Which comes first, the chicken or the nest egg? Reporters and investors were both unsurprisingly jumpy during the first week of the Iraq War. Wall Street was bullish on Friday and some journalists on Saturday made it seem that the caissons would keep rolling along all the way into Baghdad, with flowers strewn in their path by adoring Iraqis. Wall Street tanked on Monday, March 24, after many reporters found that war is hell and started suggesting that U.S. tanks wouldn't make it; some who were shot at seemed understandably frightened.
At mid-week both stocks and news reports fluctuated wildly. When inexperienced journalists offered Chicken Little reports about Iraqi Republican Guard columns streaming south from Baghdad, stock prices headed south. When numerous military analysts said it would be great if Iraqi forces were on the move, because it's easier to hit targets in the open desert than hidden in city trenches, stocks rebounded.
On March 26 there was still time to get in on the ground floor of "Iraq quagmire" stories. Reporters generally were holding back from trotting out the Vietnam WarÐera expression, either because they respected the fastest advance in military history or because they were not ready to commit the literary gaffe of calling a desert a quagmire. But the Chicago Tribune in advance of new battles was already bringing out old whine: the possibility of a "protracted, Vietnam-style quagmire of unceasing casualties and unclear lines between combatants and civilians." (The Tribune modestly ascribed that nightmarish painting to Saddam Hussein, not itself.)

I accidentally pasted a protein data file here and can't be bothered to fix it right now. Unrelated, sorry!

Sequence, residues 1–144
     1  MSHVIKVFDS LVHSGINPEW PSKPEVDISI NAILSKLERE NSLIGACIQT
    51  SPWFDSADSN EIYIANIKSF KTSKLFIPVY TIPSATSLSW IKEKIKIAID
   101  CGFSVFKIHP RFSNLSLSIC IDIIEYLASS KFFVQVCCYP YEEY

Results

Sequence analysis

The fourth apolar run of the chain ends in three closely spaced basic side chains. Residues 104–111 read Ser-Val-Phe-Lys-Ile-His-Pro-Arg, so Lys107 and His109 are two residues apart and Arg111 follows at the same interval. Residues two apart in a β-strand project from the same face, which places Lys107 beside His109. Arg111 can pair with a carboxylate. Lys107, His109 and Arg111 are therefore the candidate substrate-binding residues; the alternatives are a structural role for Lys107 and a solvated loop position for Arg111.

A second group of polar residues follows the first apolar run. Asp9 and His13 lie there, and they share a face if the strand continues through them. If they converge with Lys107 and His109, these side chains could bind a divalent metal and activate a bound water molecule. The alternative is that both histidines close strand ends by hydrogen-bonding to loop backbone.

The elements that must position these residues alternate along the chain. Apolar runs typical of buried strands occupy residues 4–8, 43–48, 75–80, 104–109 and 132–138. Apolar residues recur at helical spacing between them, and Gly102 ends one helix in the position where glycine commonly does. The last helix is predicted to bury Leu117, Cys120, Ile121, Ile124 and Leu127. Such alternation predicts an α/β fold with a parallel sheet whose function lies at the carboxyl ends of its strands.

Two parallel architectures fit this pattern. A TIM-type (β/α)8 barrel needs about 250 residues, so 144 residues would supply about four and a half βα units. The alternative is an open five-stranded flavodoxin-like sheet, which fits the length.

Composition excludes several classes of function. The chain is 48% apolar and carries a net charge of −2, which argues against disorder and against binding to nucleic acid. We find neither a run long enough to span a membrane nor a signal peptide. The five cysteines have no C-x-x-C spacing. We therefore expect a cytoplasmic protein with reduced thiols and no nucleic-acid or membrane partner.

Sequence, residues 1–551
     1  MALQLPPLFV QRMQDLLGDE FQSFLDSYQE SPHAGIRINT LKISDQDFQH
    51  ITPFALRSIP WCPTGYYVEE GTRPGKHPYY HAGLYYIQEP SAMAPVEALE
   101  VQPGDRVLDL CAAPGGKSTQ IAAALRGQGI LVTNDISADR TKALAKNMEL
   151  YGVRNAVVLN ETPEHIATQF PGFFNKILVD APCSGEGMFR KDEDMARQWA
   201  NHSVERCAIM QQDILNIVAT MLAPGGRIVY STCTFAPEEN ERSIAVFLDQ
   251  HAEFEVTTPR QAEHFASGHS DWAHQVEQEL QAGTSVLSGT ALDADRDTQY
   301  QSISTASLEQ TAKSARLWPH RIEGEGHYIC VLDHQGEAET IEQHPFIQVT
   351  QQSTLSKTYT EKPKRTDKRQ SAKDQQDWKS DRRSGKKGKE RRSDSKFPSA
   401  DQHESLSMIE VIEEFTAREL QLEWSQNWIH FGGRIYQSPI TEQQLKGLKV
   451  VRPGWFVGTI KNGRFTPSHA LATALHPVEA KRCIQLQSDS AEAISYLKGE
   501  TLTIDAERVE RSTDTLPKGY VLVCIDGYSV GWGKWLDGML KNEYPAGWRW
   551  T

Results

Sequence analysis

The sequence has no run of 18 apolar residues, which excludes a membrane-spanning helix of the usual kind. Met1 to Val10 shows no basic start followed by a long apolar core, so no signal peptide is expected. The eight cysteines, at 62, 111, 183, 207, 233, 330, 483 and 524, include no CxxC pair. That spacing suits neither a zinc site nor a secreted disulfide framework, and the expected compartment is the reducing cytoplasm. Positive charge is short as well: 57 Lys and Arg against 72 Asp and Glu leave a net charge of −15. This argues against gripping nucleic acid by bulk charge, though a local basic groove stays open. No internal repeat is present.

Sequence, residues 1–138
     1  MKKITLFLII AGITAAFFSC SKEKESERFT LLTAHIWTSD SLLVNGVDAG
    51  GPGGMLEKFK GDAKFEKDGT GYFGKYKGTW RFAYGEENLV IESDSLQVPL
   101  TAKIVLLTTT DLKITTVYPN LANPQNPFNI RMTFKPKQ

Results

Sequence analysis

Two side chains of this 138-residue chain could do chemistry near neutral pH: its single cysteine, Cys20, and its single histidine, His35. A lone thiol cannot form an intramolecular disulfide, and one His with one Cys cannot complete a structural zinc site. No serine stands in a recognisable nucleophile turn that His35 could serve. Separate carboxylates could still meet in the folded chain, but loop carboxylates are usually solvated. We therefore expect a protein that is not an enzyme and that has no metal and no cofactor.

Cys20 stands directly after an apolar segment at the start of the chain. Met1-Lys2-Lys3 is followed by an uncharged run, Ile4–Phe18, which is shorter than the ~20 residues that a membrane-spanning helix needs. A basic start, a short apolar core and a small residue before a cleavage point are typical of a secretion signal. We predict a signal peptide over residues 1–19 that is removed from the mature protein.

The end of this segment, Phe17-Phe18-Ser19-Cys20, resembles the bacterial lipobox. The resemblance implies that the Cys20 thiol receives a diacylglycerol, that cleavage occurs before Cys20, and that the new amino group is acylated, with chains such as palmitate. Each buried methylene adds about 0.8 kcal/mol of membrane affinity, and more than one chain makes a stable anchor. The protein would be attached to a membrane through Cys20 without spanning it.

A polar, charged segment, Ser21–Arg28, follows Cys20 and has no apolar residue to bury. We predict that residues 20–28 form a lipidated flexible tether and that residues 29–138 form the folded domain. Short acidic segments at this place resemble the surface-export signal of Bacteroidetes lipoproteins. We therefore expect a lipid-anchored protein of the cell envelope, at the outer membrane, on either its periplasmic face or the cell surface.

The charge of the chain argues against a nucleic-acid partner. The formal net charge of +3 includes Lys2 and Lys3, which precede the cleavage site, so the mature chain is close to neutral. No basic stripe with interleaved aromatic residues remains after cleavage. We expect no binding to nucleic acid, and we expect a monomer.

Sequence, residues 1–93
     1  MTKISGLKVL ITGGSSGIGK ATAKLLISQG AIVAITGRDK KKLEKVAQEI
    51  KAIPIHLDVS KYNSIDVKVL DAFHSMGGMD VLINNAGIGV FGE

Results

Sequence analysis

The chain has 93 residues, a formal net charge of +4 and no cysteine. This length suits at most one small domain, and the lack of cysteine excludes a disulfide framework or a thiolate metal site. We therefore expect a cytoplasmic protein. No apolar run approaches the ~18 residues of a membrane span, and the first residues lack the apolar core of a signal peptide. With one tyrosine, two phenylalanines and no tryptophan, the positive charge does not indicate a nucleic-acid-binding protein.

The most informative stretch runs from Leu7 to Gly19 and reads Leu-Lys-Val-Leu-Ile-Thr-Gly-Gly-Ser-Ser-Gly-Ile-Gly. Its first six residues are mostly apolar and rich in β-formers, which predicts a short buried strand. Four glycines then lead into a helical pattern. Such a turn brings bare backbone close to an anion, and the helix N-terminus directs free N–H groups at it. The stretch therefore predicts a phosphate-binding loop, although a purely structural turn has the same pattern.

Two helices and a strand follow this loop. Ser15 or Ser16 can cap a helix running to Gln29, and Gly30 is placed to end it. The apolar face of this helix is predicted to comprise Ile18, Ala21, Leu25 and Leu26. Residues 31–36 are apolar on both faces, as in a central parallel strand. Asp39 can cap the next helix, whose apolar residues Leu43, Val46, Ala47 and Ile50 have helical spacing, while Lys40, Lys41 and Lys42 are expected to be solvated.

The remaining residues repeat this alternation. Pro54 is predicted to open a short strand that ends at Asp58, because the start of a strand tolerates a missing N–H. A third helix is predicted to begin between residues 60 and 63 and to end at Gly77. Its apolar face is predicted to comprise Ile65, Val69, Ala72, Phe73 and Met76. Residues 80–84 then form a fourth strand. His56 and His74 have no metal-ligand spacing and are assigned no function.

Many embedded reporters were following another generation-old adage: If you can't be with the one you love, love the one you're with-especially when that person saves your life. The liveliest story came from Newsweek's Scott Johnson, who headed out on his own with a photographer and came under fire, only to have his life saved by an American convoy. His article ended, "I'm basically embedded now. I don't have much chance of going independent again and, to be honest, I don't know if I want to."
The experience of being shot at may concentrate wonderfully the herd of independent minds within America's elite media force, the Democratic Guard. So may the experience of seeing that Iraqi soldiers brutalize prisoners of war and hold their own civilians hostage. Can facts overcome presuppositions, and will journalists who opposed the war screech, "I told you so," as fighting intensifies? The big media surprise was that CBS overall seemed to be doing a decent job, and one far superior to carping ABC and NBC. Unsurprisingly, Fox generally gave positive stories about the American war effort, CNN and NPR negative ones, and Arab media lying ones.